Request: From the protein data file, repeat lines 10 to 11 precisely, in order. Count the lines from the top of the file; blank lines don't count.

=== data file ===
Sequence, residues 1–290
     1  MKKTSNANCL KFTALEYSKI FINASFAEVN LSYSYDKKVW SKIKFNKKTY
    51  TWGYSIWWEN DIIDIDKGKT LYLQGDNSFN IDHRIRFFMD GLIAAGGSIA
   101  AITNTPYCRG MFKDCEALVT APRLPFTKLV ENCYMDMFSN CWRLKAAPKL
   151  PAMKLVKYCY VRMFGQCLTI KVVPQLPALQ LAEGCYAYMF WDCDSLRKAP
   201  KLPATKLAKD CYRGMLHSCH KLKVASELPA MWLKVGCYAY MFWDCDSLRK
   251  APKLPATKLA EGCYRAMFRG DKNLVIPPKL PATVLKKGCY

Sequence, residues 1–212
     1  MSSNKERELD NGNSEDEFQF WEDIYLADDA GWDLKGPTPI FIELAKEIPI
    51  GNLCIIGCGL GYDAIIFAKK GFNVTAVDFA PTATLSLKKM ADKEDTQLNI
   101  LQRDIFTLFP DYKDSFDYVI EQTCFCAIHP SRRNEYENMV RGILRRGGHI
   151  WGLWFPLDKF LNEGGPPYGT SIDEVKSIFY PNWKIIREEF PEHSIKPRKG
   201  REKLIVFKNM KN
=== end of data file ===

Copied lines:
    51  GNLCIIGCGL GYDAIIFAKK GFNVTAVDFA PTATLSLKKM ADKEDTQLNI
   101  LQRDIFTLFP DYKDSFDYVI EQTCFCAIHP SRRNEYENMV RGILRRGGHI